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    This month’s Nicer Tuesdays will tackle the subject of art, bringing together four speakers who will each describe a different stage in the art process from education and research to curation and finally publication.

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    At last month’s photography-themed Nicer Tuesdays we were thrilled to welcome Harry Hardie, photography lecturer at the University of Westminster and founder of Here Press, whose mission he explained is “to make concept albums in book form. We like to find projects that are really problematic and try to make sense of them.”

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    At last month’s Nicer Tuesdays we welcomed four speakers who explored the art and craft of photography in very different ways. Olly Lang kicked off proceedings telling us from the off that he’s very definitely not a photographer; although his 200,000 Instagram followers may beg to differ. Olly talked about how he marries the technological advantages of shooting on his smartphone – the discretion, the flexibility and the sheer number of pictures you can take – with the artistic flair of the photographers he really admires, “who manage to capture so much flavour in their images.” The power of the phone is that it allows him to switch very quickly between creating and consuming imagery, and he explained how the right composition plus the right context can create powerful pictures.

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    At last night’s Nicer Tuesdays we were treated to four varied but equally enlightening talks on different aspects of the art and craft of photography.

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    At August’s storytelling-themed Nicer Tuesdays, we were joined by founders and hosts of The Butcher’s Apron podcast, Emma Gibson and Nadine Monem. They came together after realising “that all the best stories were the ones we told and retold down the pub” and wanted to carve out a radio space in which these tales could live.

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    At last month’s Nicer Tuesdays the brilliant Ken Wong of ustwo gave us a terrific insight into how narrative informed and permeated the studio’s hugely popular Monument Valley game. “There is no blowing things up or high scores,” Ken explained, “just geometry and impossible architecture and forgiveness.”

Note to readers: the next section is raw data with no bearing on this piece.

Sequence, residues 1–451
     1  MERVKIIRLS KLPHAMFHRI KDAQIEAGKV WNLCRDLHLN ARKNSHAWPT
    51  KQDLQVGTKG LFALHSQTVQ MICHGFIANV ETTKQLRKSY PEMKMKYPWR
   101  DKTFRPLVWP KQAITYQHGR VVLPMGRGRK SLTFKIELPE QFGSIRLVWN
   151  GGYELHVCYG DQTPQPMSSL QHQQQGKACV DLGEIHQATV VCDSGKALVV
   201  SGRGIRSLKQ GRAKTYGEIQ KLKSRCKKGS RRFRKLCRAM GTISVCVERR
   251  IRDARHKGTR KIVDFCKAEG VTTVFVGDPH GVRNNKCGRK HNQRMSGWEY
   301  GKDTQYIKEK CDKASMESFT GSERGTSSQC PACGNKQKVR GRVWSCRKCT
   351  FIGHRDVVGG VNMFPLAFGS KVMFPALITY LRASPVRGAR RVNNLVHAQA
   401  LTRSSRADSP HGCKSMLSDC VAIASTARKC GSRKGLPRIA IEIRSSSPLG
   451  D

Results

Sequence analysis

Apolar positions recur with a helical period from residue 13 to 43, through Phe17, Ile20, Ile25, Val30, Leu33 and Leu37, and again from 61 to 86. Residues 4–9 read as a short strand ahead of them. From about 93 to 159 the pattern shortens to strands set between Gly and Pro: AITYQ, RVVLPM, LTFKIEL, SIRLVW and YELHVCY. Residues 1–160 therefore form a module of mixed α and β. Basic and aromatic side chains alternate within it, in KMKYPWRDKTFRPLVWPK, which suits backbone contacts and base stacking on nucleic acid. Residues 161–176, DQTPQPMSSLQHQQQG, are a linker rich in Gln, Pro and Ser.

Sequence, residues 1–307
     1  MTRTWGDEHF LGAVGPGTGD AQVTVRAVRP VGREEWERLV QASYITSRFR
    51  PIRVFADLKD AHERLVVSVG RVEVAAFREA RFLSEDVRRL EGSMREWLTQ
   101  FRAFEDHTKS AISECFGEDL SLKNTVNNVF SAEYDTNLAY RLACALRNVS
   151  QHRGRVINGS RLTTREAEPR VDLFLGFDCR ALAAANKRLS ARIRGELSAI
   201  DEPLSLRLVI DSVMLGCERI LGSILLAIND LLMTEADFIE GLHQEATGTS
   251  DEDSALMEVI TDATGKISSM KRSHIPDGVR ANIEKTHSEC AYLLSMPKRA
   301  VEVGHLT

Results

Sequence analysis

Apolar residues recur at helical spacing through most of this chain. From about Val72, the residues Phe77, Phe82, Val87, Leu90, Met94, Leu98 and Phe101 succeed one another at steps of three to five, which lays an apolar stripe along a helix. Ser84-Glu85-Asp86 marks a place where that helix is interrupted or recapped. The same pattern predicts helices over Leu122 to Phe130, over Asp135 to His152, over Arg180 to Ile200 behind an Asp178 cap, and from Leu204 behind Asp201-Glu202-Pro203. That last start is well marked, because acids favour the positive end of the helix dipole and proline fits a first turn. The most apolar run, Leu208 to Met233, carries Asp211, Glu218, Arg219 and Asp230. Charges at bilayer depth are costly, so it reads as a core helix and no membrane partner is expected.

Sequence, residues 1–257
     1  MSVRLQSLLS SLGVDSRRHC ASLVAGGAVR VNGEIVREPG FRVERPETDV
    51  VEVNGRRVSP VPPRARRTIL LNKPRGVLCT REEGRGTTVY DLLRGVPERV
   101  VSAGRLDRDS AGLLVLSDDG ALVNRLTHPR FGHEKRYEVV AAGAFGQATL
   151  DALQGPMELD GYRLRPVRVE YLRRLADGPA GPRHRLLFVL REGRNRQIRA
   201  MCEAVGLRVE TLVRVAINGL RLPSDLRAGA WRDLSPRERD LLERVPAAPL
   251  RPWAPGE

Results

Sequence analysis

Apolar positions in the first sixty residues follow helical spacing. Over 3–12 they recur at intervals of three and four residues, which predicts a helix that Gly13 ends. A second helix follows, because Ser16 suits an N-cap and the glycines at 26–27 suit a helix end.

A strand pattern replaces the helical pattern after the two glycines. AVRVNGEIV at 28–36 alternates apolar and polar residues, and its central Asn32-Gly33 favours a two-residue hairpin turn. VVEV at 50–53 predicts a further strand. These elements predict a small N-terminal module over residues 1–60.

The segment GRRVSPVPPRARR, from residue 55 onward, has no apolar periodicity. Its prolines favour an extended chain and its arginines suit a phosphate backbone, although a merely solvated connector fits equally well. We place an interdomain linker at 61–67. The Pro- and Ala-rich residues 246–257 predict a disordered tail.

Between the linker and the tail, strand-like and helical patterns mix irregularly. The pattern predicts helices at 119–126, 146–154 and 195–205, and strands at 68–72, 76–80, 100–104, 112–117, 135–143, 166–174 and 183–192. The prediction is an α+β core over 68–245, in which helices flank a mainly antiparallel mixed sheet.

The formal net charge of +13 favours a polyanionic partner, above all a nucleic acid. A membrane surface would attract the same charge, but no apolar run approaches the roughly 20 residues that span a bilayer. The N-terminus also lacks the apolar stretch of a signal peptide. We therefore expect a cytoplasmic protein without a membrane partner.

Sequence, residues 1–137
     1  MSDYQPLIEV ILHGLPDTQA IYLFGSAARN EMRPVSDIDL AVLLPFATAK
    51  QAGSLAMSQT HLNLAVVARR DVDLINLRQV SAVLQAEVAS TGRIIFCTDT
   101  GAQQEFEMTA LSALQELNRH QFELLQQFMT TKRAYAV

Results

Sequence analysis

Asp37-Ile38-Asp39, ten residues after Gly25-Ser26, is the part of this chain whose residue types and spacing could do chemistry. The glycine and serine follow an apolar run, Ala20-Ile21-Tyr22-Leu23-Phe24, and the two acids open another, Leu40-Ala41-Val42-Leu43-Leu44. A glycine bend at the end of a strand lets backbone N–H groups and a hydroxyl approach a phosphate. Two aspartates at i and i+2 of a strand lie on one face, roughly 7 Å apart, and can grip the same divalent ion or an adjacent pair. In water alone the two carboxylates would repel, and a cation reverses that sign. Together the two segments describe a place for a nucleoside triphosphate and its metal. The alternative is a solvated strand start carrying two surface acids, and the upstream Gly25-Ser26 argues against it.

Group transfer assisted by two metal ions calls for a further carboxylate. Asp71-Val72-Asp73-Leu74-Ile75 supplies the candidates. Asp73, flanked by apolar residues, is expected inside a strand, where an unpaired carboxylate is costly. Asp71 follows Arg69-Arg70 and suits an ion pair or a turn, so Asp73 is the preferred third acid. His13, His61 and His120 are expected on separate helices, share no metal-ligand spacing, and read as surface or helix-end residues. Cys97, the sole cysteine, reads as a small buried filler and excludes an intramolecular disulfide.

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    This month’s Nicer Tuesdays event sees us bring together four photographers who approach the discipline in unique and inspiring ways.

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    At last month’s storytelling-themed Nicer Tuesdays, we were joined by actor and director Gabriel Bisset-Smith freshly arrived back in London from the Edinburgh Festival. He gave us an entertaining insight into how his approach “of picking up elements as you go along” plays out in practice. Inspired by a messy break-up but without “a video camera or any money..and depending on budget, cast and when people were available” he showed how the initial ideas evolved into an intriguing end-product; at times funny, at times unsettling and always perceptive about our relationship with photographs, and each other.

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    Last month our Nicer Tuesdays event focused on storytelling, with four speakers tackling how this much overused idea informs and inspires their work. Illustrator Kyle Platts, one of our absolutely favourite creatives, explained that life “is a sandwich filling between two baps of infinity” and so storytelling is our response to this, as a way of passing on experience from generation to generation.

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    It was only last month that Stefan Sagmeister called out the creative industries’ infatuation with the idea of storytelling as “bullshit.” But as a prevalent presence in many people’s work, we felt it was the perfect theme for last night’s Nicer Tuesdays in partnership with Park Communications.